Global Aquaculture Update 1H 2023: Recession and Inflation Creating Uncertainty
After a positive 2022, demand is reaching an inflection point as recession follows inflation. Salmon is proving to be a resilient species, with demand holding firm even as other species are affected by recessionary consumer behavior. Meanwhile, softer demand and high supply have generated a low-price scenario for shrimp that will persist in 1H 2023. An ongoing global scarcity of feed proteins means fish meal prices are expected to be firm, despite the partial correction of soymeal prices.
Salmon prices are expected to remain high but will fall below 1H 2022’s peak. In contrast, low shrimp prices are likely to bottom out in 1H 2023 or later in the year. Fish meal prices remain supported by good demand and limited supply growth.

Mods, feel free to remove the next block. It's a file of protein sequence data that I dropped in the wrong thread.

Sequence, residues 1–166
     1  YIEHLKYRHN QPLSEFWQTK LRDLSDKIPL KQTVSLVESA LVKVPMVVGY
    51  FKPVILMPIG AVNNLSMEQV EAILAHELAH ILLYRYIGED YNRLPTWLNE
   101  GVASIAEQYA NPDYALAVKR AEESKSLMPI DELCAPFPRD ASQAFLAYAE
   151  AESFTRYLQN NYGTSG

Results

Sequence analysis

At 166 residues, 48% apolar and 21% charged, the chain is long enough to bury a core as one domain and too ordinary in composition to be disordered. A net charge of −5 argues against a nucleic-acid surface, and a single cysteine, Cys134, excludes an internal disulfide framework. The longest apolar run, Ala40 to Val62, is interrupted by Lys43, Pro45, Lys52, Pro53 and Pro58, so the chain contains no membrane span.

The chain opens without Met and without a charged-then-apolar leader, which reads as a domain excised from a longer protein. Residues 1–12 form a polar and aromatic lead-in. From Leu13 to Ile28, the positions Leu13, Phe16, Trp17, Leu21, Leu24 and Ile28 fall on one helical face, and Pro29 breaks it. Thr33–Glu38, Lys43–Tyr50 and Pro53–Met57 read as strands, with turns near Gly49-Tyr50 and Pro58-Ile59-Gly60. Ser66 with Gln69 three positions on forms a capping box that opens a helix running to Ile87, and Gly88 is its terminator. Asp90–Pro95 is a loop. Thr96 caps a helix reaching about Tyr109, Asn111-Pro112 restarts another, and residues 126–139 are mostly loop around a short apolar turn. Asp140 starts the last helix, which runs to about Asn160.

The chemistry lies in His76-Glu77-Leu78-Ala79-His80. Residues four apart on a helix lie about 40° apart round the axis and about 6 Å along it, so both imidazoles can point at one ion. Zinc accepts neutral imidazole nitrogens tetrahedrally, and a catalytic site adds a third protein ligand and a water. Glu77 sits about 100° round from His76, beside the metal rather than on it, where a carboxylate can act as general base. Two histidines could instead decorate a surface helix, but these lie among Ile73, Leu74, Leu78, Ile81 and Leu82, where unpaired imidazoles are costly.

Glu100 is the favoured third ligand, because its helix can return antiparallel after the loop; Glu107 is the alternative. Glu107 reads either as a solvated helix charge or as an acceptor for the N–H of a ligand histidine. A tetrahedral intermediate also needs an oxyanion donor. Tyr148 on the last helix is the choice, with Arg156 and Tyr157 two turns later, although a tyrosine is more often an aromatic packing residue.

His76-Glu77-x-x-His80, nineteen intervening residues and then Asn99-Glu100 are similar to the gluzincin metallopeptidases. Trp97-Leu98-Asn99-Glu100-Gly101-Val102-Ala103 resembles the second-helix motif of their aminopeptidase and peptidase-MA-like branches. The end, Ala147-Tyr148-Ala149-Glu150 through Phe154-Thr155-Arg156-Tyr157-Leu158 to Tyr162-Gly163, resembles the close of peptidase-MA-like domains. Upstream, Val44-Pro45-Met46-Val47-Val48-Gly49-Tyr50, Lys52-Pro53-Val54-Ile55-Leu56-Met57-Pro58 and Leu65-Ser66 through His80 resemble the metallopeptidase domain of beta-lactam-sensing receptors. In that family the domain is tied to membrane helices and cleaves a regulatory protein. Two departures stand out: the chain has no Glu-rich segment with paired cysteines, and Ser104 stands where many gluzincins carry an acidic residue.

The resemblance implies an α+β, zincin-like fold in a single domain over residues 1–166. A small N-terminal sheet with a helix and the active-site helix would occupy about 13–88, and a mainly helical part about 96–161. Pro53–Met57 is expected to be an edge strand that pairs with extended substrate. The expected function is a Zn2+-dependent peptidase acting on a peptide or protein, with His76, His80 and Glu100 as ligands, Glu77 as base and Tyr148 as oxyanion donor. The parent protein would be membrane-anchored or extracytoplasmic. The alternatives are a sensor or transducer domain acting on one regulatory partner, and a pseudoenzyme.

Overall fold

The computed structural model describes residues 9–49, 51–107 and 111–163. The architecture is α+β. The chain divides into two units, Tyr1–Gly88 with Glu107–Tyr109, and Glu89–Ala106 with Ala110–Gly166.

Demand drivers: Recessionary behavior is established in both retail and foodservice in the US and Europe, with shrimp demand more affected than salmon. Demand for shrimp and fish meal in China has increased, partly due to the relaxation of Covid-related restrictions. But new outbreaks and fear of infection may yet impact China in early 2023.
Supply drivers: Salmon supply will remain tight in 2023, with normalized growth not expected until 2024. Moreover, the proposed Norwegian tax adds uncertainty. Meanwhile, shrimp supply growth in 1H 2023 will be much lower than in 2022 but will still be positive, mostly due to Ecuador. Even though Peru starts 2023 with an 11% higher quota, a 100% catch rate is needed for fish meal supply to improve. Overall costs are still high despite recent corrections in feed commodity, energy, and freight costs.